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To pushing the limits,
Welcome to Pushing the Limits, the show that helps you reach your full potential with your host Lisa Tamati, brought to you by lisatamati.com.
Lisa Tamati: Hi everyone and welcome to Pushing the Limits. This week I have an exciting interview with intensive care medicine doctor, Dr Berry Fowler, who is an intensivist from the Virginia Commonwealth University. The director of the VCU unit via 35 years of service at the VCU Johnson Center for Critical Care and Pulmonary Research. And he's also the author of a number of studies around vitamin C.
So today we're continuing that conversation that we've been having in the last few weeks around the importance of vitamin C. Last week, we had Professor Margreet Vissers on, from Otago University, talking about—who worked with vitamin C in cancer. She's been studying this for 20 years. And Dr Berry Fowler has been studying vitamin C in regards to sepsis and pneumonia and how to use it in COVID. And he's been researching in this area with vitamin C for over 15 years. So some really amazing insights into this incredible vitamin and how it can help with all of these things. So please don't miss this episode.
If you enjoy the content, please share it with your family and friends. You know, there’s some important messages that we're wanting to get out in this vitamin C thing that I've been doing, because I lost my father recently and this would have been a major player and I was desperate to get him help with intravenous vitamin C, and I was unable to until way too late. And so I'm desperately wanting to get out the information about this research about the clinical studies that have been done, the research that's been done, to share this really important information.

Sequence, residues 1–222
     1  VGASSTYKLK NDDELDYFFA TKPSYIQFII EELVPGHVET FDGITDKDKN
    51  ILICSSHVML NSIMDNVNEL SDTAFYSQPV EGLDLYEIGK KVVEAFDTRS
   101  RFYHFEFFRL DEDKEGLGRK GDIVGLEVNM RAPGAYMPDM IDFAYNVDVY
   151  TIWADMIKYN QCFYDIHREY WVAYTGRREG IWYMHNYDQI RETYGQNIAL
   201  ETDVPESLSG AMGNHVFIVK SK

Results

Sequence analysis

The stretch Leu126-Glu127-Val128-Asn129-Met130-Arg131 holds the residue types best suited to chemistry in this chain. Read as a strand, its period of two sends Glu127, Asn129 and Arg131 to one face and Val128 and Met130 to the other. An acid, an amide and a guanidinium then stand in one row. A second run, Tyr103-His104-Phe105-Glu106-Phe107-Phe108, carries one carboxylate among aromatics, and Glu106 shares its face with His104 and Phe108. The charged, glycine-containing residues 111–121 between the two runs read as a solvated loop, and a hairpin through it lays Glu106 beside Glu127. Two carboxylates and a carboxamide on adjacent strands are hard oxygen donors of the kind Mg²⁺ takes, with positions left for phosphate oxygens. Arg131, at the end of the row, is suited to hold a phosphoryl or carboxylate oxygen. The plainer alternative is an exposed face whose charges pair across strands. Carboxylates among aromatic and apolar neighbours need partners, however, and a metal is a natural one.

As always, I really appreciate a rating or review for the show. If you can do that, that'd be so so appreciated. And if you've got any questions, please email me at support@lisa tamati.com, if you want to discuss anything that was brought up in these topics, in this podcast. I'm also doing some one on one consultations. I have a limited number of spaces available for people who are wanting to work with me one on one. If you are facing difficulties in areas from whether it be around some of your health aspects like head injuries, obviously I've spent five years researching head injuries. I have a lot of knowledge around vitamin C. I have a lot of knowledge around biohacking, around epigenetics trained as an epigenetics coach, gene testing, and so on. And I work with a very small number of people who are needing help with these areas. As well as of course run coaching and mindset in high performance. So if you're wanting to get some one on one support with me, please reach out to me it's email@example.com. And I can send you the information there.